With French and Malian troops rolling into the town of Kidal in northern Mali, the war may appear to be over, now that the Islamist militias have withdrawn from all the population centers in the face of heavy airstrikes.Yet despite these achievements, many observers agree that the French Army has reached the limit of its capabilities in this conflict.
Moving motorized units to and between bases and logistics centers is a piece of cake for a European land power like France. Notably when their adversaries melt away into the desert after a few parting shots in each town.
The next phase of this conflict, however, will bear more in common with the American’s experience in Afghanistan than General Patton’s 1944 ride through Normandy. Lacking the Intelligence base and advanced unmanned drone technology that has enabled the US Army to maintain a stalemate (At best), the Franco-Malian forces can expect to be subject to ever more frequent hit-and run attacks that will require ever larger garrisons and expenses in terms of air support and construction of fortifications.
So until the inevitable crisis that catapults this story back onto the front pages, there is little the Franco-Malian forces can do but leave garrisons in the population centers and occasionally expose the 2,000 elite infantry units like the foreign legion on risky long-range patrols similar to those carried out in this very same region that often ended in catastrophe.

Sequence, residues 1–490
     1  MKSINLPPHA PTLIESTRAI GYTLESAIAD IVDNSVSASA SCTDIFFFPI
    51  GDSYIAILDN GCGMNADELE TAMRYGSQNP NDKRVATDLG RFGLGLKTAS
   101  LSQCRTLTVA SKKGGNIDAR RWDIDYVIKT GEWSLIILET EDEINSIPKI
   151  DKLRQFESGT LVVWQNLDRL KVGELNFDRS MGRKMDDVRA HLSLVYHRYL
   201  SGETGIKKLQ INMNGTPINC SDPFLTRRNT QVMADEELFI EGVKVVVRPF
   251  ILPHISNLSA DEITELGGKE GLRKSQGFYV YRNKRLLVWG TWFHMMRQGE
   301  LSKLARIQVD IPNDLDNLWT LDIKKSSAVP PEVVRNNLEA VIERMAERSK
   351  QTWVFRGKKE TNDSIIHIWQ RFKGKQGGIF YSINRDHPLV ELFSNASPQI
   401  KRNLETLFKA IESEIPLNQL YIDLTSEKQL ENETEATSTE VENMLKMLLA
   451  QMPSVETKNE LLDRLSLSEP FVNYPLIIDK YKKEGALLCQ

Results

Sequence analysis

For all the cheers surrounding the French capture of the last population center not yet under
their control, this situation is merely an example of France taking out unfavorable elements in its “backyard”, using the locals to do most of the bleeding.
While the elite French Foreign Legion (composed of foreign infantry serving under French officers) is quite well known, other details about French use of foreign troops is less well remembered. France occupied a vast swath of African territory during the Colonial period, and like other colonizing powers, found it useful to recruit local soldiers. During World War 1, the French army began importing large numbers (over 450,000 by 1918) of troops from its African colonies. Called “Indigines”, previously, few of these troops had ever been expected to do more than quell local riots or had even been issued rifles, with predictable results in battle against the Germans.
However, the colonial infantry provided such useful cannon fodder that the system was continued into WW2. With a shrinking population even in the 1930′s, the French High command’s strategy was to fight the Germans to the last African soldier. Prior to the French defeat, over 430,000 had already crossed the Mediterranean, and recruitment of millions more was planned out. The value of this manpower is demonstrated by the fact that even the entire French Navy was deplayed in the Mediterranean to protect troop transports bringing African troops. However, their replacability in the eyes of the Hugh command is exemplified in the fact that 38% of the “Indigenes” died of illness over the first winter of the war, and the survivors of the Battle for France in 1940 were subject to massacres and years of hard labor in the Nazi death camps.